Australian imports of processed pigmeat have risen sharply by 40% in the last twelve months, originating mainly from Denmark, Canada and the US.
A report by ITS Global, “Australian Pork and Safeguards: An Industry in Crisis” stated that imports now account for 64% of the local processed pork market, and threaten to completely dominate the Australian pork market.
The industry body, Australian Pork, has called on the new Federal Labour Government to introduce safeguard provisions that restrict trade for 12 months while the Australian pig industry undergoes structural adjustment.
In an interview, Khalil Hegerty of ITS Global said, “These safeguard provisions are legal under World Trade Organization (WTO). The Productivity Commission constituted by the outgoing coalition government had the power to recommend the implementation of safeguards, because WTO rules require that import safeguards have to be part of a public review.
“It would rest with the new minister responsible for agriculture to adopt them. If import growth continues at this rate, it threatens to capture the whole processed market within one and two years.”
The Australian pig industry was liberalised in 1994 following the Uruguay round of the WTO, but initially imports were negligible. Since then however, figures from Australian Pork show domestic consumption has risen by one third to 486,000 tonnes since 2002, while imports have risen by 126% and the rate is accelerating, jeopardising the future of the A$ 2 billion (€1.2 billion) Australian pig industry.
The report found imports had reduced prices in the Australian pigmeat market to such an extent that local producers who are also facing record high feedgrain prices, are now losing A$ 0.55/kg (€0.33/kg), or about A$ 40/pig (€24/kg), and estimated that the industry is losing about A$ 182 million a year.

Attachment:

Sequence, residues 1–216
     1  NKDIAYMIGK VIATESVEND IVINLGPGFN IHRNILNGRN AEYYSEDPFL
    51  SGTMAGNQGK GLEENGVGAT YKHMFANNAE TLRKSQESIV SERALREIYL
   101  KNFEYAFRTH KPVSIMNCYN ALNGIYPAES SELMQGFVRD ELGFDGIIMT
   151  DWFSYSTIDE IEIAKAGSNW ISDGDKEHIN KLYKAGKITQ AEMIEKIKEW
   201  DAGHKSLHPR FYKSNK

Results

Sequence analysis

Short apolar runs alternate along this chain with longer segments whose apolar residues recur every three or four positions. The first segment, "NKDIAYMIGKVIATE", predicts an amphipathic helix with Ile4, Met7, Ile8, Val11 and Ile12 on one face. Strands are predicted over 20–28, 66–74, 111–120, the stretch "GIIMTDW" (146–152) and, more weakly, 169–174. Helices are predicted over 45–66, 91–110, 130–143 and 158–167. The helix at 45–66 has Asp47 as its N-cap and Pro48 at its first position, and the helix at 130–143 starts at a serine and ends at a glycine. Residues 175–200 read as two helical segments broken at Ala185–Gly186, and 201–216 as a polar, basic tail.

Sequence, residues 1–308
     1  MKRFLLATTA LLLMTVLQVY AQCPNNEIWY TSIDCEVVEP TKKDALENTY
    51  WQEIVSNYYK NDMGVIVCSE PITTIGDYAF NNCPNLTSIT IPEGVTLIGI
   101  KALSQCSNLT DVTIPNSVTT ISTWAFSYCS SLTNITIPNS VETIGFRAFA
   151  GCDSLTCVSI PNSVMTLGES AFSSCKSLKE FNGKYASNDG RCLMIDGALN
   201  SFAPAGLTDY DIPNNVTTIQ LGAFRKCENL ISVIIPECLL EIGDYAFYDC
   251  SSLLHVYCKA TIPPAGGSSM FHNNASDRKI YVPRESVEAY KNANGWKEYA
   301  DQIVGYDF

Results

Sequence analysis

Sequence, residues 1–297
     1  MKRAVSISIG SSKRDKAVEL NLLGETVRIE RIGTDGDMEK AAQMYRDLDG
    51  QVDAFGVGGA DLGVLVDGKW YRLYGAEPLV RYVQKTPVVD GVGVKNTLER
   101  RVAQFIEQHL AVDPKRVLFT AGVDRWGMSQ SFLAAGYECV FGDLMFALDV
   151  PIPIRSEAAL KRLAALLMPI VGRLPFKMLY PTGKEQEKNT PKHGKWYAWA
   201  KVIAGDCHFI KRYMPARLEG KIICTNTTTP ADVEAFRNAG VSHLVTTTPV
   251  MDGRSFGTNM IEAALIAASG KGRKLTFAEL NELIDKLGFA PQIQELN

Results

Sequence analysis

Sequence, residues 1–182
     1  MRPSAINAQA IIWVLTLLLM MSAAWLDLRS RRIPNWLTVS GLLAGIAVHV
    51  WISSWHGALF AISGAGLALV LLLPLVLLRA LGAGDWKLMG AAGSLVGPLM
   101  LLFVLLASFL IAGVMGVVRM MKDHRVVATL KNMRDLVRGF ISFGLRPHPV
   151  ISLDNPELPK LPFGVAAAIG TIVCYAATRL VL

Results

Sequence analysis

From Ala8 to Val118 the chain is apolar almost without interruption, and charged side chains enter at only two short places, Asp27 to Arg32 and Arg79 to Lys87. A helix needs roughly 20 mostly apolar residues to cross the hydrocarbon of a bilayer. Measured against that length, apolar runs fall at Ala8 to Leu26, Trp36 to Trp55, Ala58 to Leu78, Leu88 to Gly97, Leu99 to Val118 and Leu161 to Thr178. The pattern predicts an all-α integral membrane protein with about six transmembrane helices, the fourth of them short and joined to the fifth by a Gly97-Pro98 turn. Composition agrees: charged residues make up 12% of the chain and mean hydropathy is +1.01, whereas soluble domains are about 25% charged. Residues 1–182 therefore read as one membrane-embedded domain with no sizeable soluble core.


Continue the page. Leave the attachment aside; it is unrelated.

Commenting on the report, Kathleen Plowman of Australian Pork said, “The industry had literally been deciminated, the sow herd was down 30,000 to 300,000. Pig farmers had invested heavily in modern specialised piggeries, which if not used for pigs are virtually worthless.
“The industry had already experienced the first wave of closures, and a recent survey found nearly 30% of pig producers were planning to leave the business. And once a pig farmer stops production, it is not possible to put the facilities in mothballs and re-enter the industry when things are looking better.
“It is a dismal, heart-breaking story. Either the government finds some way of supporting Australian pig producers, or the industry will surely be destroyed and thousands of jobs lost!”
â€¢ Australian Pork Limited
â€¢ World Trade Organization
â€¢ ITS Global
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